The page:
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The Antidote

Happiness for People Who Can’t Stand Positive Thinking

By Oliver Burkeman
15-minute read
Audio available
The Antidote: Happiness for People Who Can’t Stand Positive Thinking by Oliver Burkeman

The Antidote is the intelligent person’s guide to understanding the much-misunderstood idea of happiness. The author emphasizes that positive thinking isn’t the solution, but part of the problem. He outlines an alternative, “negative” path to happiness and success that involves embracing failure, pessimism, insecurity and uncertainty – what we usually spend our lives trying to avoid.

  • Anyone who wants to feel happy, even when things go wrong
  • Anyone who’s tired of setting and trying to follow through rigid goals
  • Anyone who wants to learn to appreciate what they have

Oliver Burkeman is a British journalist who writes the popular weekly column “This Column Will Change your Life” for The Guardian. He won the Foreign Press Association’s Young Journalist of the Year award and was shortlisted for the Orwell Prize. The Antidote (2013) is his second book. He currently lives in New York City. 

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The Antidote

Happiness for People Who Can’t Stand Positive Thinking

By Oliver Burkeman
  • Read in 15 minutes
  • Audio & text available
  • Contains 9 key ideas
The Antidote: Happiness for People Who Can’t Stand Positive Thinking by Oliver Burkeman
Synopsis

The Antidote is the intelligent person’s guide to understanding the much-misunderstood idea of happiness. The author emphasizes that positive thinking isn’t the solution, but part of the problem. He outlines an alternative, “negative” path to happiness and success that involves embracing failure, pessimism, insecurity and uncertainty – what we usually spend our lives trying to avoid.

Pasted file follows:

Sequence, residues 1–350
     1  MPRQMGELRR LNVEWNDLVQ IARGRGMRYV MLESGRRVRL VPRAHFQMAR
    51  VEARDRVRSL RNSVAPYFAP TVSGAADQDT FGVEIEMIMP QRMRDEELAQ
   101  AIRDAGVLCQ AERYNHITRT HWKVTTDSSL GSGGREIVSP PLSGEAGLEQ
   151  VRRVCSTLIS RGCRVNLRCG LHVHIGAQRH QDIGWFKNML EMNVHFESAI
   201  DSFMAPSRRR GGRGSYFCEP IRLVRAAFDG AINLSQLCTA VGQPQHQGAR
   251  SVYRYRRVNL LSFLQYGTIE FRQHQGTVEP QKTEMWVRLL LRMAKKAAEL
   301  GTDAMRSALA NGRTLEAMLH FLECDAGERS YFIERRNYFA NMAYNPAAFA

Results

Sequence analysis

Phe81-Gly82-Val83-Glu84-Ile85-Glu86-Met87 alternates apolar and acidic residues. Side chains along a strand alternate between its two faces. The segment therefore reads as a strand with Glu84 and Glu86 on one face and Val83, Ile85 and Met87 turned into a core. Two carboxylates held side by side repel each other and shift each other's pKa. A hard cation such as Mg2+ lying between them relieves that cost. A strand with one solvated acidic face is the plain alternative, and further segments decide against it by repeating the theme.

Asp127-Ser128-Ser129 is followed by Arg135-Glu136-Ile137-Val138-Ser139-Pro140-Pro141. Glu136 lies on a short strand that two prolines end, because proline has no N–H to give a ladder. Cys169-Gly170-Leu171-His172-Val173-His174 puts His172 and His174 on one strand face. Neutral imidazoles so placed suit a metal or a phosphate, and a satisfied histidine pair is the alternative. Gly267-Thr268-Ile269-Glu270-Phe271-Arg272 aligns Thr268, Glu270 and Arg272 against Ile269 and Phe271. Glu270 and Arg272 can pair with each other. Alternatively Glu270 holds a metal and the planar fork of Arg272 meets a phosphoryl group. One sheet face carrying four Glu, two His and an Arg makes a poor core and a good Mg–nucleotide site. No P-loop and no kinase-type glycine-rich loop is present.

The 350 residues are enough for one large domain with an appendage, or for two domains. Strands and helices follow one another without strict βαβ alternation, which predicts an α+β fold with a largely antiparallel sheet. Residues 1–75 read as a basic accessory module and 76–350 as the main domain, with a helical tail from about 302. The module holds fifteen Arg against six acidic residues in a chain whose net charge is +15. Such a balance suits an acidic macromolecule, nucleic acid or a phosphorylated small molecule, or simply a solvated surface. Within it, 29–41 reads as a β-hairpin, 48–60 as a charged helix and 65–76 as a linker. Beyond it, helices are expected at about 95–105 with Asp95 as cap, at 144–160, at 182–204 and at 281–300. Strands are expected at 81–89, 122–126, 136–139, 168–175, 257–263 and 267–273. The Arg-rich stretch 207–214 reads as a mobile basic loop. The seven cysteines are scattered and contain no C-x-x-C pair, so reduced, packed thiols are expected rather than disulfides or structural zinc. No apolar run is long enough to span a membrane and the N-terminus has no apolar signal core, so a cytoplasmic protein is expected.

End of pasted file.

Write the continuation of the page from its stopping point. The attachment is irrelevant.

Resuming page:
Key idea 1 of 9

The happier we want to be, the unhappier we usually are.

Most of us would like everything in life to be just right. But perhaps our urge to have everything perfect is a big part of what’s wrong.

The ironic process theory states that when you try to suppress certain thoughts or behaviors, they (ironically) end up becoming more prevalent. This has been demonstrated in the so-called white bear challenge: if you’re told to not think about a white bear, you can’t help but think about a white bear.

Affirmations, those peppy, self-congratulatory phrases designed to make readers feel happier through repetition, can also be ultimately counterproductive. This is because, given that it’s usually people with low self esteem who seek affirmation, when they say an affirmative phrase like “Every day, in every way, I am getting better and better” to themselves over and over, it clashes with their poor self-image. Then they automatically reject the affirmation because it threatens the coherence of their sense of self, a strong driver within us. This could worsen their low self-esteem, as people struggle to reassert their existing self-images against the incoming messages.

In fact, several experiments have found that people with low self-esteem who were asked to write down “I’m a lovable person” repeatedly became less happy in the process. They didn’t feel particularly lovable to begin with, and trying to convince themselves otherwise merely reaffirmed their negativity. In short, “positive thinking” made them feel worse.

The flaw of positive thinking is summed up best by one character in an Edith Wharton story: “There are lots of ways of being miserable, but there’s only one way of being comfortable, and that is to stop running around after happiness.”

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